For many, the first time they learned about the so-called ‘Monuments Men,’ was when the group’s story was dramatized in the 2014 film directed by George Clooney by the same name. Established in 1943 by the Allied forces, under the name the Monuments, Fine Arts, and Archives Section Unit (MFAA), this was an almost 400-strong group tasked by the then President of the United States, Franklin D. Roosevelt, with protecting, finding, and returning historic and cultural monuments from the ravages of World War II.
This marked the first time that an army prioritized reducing damage to cultural monuments and property. But it was also an understandable response to organized looting and destruction undertaken by the Nazis during the Holocaust. While engaged in the mass genocide against Jewish people and other targeted groups, the Nazis also ravaged libraries, synagogues, books, monuments, and cultural heritage. This was part of Adolf Hitler's scheme aimed at erasing the memory of Jewish identity, generating funds for their genocide, and supporting his Aryanist agenda. Aside from the theft and destruction of what Nazi’s defined as degenerate art, old masterpieces were plundered from art collectors, individuals, and cultural institutions all over Europe.
In 2014, the United States House of Representatives awarded the Monuments Men with the Congressional Gold Medal. (Public domain)
These cultural artifacts were also in danger due not only to ground warfare, but also aerial bombardment, which was used extensively by both the Allies (USA, UK, France, and others) and Axis (Germany and Japan) powers throughout World War II. This new technology posed a lethal threat to heritage throughout Europe, causing mass destruction to infrastructure and historic sites in a way that had not been seen before. With the onset of war, museums embarked on a massive evacuation of artwork, hiding masterpieces in undisclosed locations. The Louvre in Paris, for example, was left almost empty, its collection scattered in unassuming châteaux throughout the French countryside.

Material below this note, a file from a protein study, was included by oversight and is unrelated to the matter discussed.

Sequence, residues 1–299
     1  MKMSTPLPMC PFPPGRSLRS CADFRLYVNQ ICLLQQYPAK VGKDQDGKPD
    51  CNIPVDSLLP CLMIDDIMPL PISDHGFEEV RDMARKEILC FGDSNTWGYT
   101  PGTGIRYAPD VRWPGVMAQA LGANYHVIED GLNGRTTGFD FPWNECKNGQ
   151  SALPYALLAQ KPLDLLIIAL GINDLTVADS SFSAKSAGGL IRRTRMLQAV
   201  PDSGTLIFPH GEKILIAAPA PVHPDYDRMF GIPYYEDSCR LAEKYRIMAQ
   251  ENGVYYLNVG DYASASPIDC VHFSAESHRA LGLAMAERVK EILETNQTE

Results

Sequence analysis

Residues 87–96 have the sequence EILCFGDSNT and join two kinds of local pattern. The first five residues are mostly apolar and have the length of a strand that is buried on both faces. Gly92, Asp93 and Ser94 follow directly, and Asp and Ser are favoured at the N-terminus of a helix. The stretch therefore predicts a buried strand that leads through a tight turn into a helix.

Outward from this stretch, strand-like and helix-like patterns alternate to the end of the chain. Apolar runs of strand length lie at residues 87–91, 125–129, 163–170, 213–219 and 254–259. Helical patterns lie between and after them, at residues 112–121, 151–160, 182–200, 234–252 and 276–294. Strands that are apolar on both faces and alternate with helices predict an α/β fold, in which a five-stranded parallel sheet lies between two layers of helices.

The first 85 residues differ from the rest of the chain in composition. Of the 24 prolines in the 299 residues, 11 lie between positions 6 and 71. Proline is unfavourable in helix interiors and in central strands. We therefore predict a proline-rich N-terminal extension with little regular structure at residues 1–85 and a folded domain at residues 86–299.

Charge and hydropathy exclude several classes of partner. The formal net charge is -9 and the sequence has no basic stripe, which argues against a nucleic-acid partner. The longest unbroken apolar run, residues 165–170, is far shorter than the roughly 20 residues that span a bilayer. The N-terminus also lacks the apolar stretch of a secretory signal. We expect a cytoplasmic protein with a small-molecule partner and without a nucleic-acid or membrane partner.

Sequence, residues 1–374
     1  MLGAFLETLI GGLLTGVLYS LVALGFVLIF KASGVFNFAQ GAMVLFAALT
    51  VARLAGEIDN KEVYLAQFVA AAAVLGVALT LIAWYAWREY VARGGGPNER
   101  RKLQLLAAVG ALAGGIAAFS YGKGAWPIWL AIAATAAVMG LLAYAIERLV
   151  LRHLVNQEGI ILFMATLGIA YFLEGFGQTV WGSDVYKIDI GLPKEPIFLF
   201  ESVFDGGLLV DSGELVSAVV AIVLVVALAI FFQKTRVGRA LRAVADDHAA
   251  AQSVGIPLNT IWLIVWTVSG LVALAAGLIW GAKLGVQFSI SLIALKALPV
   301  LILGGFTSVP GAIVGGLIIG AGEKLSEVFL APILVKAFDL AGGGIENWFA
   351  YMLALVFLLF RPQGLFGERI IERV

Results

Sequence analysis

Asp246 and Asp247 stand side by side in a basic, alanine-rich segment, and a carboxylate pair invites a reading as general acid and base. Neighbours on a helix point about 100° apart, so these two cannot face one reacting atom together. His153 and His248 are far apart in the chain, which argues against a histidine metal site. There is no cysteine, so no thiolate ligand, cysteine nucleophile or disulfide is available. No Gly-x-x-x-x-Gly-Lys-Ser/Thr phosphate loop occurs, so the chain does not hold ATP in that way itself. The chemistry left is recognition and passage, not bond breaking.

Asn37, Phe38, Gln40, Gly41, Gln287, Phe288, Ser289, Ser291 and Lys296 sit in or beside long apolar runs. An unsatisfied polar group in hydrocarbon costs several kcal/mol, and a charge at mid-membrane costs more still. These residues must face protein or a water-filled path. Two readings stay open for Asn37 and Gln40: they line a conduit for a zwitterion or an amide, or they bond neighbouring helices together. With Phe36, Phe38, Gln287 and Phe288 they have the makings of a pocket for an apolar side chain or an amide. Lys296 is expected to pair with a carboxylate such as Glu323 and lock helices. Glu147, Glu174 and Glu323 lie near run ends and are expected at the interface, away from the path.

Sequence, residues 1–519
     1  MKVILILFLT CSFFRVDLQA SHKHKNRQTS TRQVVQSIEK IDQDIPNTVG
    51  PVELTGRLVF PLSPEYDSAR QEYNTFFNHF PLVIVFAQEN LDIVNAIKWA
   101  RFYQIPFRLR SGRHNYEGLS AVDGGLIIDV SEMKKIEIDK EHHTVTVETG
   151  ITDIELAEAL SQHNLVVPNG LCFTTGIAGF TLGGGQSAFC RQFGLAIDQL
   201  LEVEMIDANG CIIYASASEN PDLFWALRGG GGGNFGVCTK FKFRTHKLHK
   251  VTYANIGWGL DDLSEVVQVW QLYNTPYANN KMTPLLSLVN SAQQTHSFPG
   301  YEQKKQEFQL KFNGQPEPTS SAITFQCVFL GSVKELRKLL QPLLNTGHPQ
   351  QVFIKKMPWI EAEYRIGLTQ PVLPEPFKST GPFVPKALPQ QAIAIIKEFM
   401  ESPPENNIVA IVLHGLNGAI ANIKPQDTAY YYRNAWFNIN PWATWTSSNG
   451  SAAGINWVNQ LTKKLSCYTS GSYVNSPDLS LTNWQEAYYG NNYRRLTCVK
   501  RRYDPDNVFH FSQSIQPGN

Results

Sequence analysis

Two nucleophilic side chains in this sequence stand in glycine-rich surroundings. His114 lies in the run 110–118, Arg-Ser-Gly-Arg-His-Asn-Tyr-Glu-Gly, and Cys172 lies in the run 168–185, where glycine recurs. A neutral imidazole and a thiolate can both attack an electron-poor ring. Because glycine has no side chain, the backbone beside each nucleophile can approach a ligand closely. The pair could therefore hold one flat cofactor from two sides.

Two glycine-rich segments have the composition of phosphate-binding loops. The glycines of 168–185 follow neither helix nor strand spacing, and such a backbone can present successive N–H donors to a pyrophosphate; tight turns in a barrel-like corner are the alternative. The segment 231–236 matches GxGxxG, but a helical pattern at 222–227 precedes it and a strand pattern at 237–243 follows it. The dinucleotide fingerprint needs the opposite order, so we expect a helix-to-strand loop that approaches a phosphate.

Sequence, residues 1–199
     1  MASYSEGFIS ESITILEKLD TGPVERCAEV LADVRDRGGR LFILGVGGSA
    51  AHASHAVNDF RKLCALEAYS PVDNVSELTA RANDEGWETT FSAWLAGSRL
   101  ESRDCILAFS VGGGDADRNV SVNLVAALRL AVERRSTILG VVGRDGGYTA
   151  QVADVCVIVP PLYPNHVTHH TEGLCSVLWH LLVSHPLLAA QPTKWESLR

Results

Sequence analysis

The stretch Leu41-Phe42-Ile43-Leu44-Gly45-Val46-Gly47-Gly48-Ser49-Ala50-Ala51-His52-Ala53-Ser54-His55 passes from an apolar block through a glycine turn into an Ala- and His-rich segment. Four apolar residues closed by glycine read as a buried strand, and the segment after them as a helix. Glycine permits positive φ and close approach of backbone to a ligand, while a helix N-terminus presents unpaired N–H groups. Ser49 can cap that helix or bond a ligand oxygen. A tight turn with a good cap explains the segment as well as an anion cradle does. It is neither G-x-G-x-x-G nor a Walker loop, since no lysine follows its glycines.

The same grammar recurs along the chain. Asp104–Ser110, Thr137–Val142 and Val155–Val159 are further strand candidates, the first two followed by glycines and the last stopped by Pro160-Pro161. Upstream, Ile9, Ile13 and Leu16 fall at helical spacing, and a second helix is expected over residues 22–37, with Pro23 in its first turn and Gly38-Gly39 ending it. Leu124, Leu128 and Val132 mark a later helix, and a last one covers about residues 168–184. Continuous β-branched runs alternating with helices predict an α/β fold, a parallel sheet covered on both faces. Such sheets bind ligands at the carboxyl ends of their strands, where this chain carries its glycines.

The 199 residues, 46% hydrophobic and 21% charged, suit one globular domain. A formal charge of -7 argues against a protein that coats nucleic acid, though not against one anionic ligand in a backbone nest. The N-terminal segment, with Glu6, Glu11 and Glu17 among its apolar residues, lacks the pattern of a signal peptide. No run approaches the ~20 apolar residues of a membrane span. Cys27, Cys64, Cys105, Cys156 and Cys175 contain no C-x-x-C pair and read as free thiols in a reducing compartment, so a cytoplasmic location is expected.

While most were driven by the panic of human casualties, the MFAA centered their attention on the works of art, artifacts, libraries, and monuments that were being swept up in the horror of war. Made up of mostly middle-aged scholars, including art historians, curators, and museum directors from 13 countries, the Monuments Men (and women) were experts in their field who collaborated with art professionals in Europe. From their base at the National Gallery of Art in Washington DC, they frantically created lists of cultural treasures and then joined the military on the ground to set out to locate and protect them.
At the frontlines, members of the MFAA supplied the allied forces with maps marking monuments and sites to be avoided by bombings. These passionate art lovers managed to track down over 1,000 stockpiles of important cultural treasures, including millions of artworks and artifacts which had either been stolen by the Nazi’s or hidden for safekeeping.
Monuments Men pose with Leonardo da Vinci’s Lady with an Ermine upon its return to Poland in April 1946. (Public domain)
The Monuments Men uncovered gold, paintings, and the personal belongings of Nazi concentration camp victims within the Kaiserode mine in Merkers, Germany. Within the country home of Hans Frank—the Governor General of Poland remembered for making the mass murder of Jewish people a deliberate policy—the MFAA tracked down Leonardo da Vinci’s Lady with an Ermine.
Find out more about the adventures of the Monuments Men and Women in the article ‘History Heroes: WWII's Monuments Men and Women and the Greatest Treasure Hunt in History,’ available in the January - February 2024 issue of Ancient Origins Magazine. Get it here!
By Cecilia Bogaard